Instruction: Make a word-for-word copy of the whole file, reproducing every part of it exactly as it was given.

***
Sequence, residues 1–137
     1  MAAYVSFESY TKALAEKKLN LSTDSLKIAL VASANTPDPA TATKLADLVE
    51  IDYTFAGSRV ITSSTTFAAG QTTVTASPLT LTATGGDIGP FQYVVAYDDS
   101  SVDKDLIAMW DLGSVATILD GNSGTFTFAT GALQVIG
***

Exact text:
Sequence, residues 1–137
     1  MAAYVSFESY TKALAEKKLN LSTDSLKIAL VASANTPDPA TATKLADLVE
    51  IDYTFAGSRV ITSSTTFAAG QTTVTASPLT LTATGGDIGP FQYVVAYDDS
   101  SVDKDLIAMW DLGSVATILD GNSGTFTFAT GALQVIG